A British lawmaker has said she was fired from a ministerial job because her Muslim faith was making her Conservative colleagues “uncomfortable,” according to a report.
Nusrat Ghani, 49, Britain's first female Muslim minister, was sacked as transport minister in a reshuffle in 2020 in Prime Minister Boris Johnson's Conservative government, The Sunday Times reported.
Ghani told the newspaper she was told by a whip - an enforcer of parliamentary discipline - that her “Muslimness was raised as an issue” at a meeting in 10 Downing Street, the headquarters of the government in London.
"I was told that at the reshuffle meeting in Downing Street that ‘Muslimness’ was raised as an ‘issue’, that my ‘Muslim women minister’ status was making colleagues uncomfortable," the paper quoted Ghani as saying.
"I will not pretend that this hasn’t shaken my faith in the party and I have at times seriously considered whether to continue as an MP (Member of Parliament),” she added.
She also said she was told “there were concerns ‘that I wasn’t loyal to the party as I didn’t do enough to defend the party against Islamophobia allegations.’”
“It was like being punched in the stomach,” said Ghani. “I felt humiliated and powerless.”
“When I challenged whether this was in any way acceptable and made clear there was little I could do about my identity, I had to listen to a monologue on how hard it was to define when people are being racist and that the party doesn’t have a problem and I needed to do more to defend it," she said.
“It was very clear to me that the whips and No 10 were holding me to a higher threshold of loyalty than others because of my background and faith,” said Ghani, who is vice chairwoman of the party’s decision-making 1922 Committee of backbenchers.
She said she kept quiet about the issue as she was warned that she would be “ostracised by colleagues” and her “career and reputation would be destroyed” otherwise.
Ghani said the feeling of “isolation and powerlessness after this episode would not leave me and I raised it several more times through official party channels and with some colleagues.”
“I will not pretend that this hasn’t shaken my faith in the party,” she said.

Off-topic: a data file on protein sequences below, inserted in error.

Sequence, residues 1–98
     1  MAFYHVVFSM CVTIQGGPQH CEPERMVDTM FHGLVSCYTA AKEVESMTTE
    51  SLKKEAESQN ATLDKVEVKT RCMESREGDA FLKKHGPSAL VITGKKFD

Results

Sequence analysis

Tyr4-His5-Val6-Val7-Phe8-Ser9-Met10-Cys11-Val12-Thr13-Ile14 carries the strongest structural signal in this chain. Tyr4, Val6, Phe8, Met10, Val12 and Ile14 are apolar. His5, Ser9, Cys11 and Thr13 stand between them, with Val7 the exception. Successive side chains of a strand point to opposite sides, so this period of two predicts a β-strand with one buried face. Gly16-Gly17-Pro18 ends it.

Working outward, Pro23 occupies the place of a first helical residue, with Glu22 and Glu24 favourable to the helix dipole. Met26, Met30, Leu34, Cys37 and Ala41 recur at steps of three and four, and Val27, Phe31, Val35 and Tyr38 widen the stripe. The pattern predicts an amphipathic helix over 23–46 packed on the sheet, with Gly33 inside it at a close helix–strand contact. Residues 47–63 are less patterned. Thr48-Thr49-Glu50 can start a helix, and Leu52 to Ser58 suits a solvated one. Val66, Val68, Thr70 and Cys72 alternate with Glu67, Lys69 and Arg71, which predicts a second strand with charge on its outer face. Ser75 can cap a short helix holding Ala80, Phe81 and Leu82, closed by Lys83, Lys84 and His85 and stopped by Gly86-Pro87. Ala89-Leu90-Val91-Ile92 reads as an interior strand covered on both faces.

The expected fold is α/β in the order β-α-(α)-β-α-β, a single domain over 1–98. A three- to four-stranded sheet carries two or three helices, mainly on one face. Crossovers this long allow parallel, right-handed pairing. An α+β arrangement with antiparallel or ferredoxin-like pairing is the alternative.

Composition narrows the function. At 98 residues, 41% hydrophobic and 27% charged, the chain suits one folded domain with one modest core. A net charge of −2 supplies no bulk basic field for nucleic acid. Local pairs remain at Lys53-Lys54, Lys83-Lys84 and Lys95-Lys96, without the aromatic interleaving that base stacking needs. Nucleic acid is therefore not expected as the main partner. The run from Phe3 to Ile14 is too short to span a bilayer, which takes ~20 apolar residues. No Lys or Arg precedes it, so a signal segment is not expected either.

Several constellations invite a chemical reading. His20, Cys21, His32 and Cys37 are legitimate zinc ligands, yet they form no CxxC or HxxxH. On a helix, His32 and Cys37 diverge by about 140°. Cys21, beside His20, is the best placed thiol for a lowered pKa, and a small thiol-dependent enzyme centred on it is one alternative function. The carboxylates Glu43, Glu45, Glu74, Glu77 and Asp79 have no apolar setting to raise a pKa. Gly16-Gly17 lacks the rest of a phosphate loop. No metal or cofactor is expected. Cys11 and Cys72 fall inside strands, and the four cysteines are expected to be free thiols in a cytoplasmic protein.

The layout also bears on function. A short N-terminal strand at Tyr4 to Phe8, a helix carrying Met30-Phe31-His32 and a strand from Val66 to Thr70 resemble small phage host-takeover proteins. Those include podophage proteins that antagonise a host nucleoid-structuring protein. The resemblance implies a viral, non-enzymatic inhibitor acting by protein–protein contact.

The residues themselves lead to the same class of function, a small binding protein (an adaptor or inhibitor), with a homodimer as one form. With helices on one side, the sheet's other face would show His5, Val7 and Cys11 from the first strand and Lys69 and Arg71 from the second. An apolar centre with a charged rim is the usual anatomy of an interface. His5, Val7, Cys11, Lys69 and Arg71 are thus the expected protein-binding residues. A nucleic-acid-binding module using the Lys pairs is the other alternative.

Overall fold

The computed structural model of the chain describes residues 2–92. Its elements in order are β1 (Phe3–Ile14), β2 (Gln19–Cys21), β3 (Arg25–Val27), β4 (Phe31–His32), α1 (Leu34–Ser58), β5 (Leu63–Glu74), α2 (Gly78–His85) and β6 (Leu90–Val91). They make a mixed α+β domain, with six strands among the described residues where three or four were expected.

Islamophobia within the Conservative Party
The Conservative Party has previously been accused of blatant Islamophobia and anti-Muslim hatred. A report in May 2021 condemned the party over how it dealt with complaints of discrimination against Muslims.
In a newspaper column, Prime Minister Johnson referred to Muslim women wearing burqas as "going around looking like letterboxes.” Johnson, later on, was forced to apologize for his remarks and any offense caused by his past slurs about Islam.
An exclusive story by the Guardian newspaper revealed that 15 sitting and 10 former councilors sent messages to the Conservative Party’s headquarters.
The messages included “calls for mosques to be banned, claims the faith wants to “turn the world Muslim” and refer to its followers as “barbarians” and “the enemy within.”
Sayeeda Warsi, a Conservative Muslim member of the House of Lords, said that she was “appalled” by some of the comments in the dossier sent to the party headquarters.
“These further divisive and racist comments by elected Conservative councilors are a further indication of the issue of Islamophobia in the party,” she said.
“The constant argument made by the party [is] that there isn’t the evidence, yet dossier after dossier has been presented to the party. Now this one exposes a sizeable number of sitting Conservative councilors. These individuals seek to represent the party, and if the party truly believes in rooting out racism, it should start from rooting out those with racist views from the party. Sadly, the party has been trying to downgrade, dilute and deflect the issue of Islamophobia,” she said.
"Nus (Nusrat Ghani) is very brave to speak out. I was truly appalled to learn of her experience," William Wragg, chair of the Public Administration and Constitutional Affairs Committee, said on Twitter on Saturday.
The British government has failed for years to adopt any definition of Islamophobia, with MPs and critics all condemning the lack of action amid rising Islamophobia across the country.
An all-Party Parliamentary Group on British Muslims, created their own definition of Islamophobia in 2018, describing it as a form of racism: “Islamophobia is rooted in racism and is a type of racism that targets expressions of Muslimness or perceived Muslimness."
Regardless which political group makes the definition grassroots British Muslim groups are concerned over what they see as an “establishment pushed” definition.
Some have already begun to adopt the definition. Including the opposition Labour Party, however, accusations of Islamophobia within Labour remain despite its implementation.
A lot of skepticism surrounds this definition with many fears that it will not serve the community effectively if at all but while MPs continue to procrastinate, Islamophobia remains a persistent threat.
Prominent Islamophobes have dominated the Conservative Party, according to a senior political analyst from London.
“The Conservative Party is very dominantly Islamophobic; it is very openly Islamophobic, to the extent that even some Muslim-background individuals like Sajid Javid who is Home Secretary, he has also behaved extremely discriminatory towards Muslims,” Massoud Shadjareh once commented to Press TV.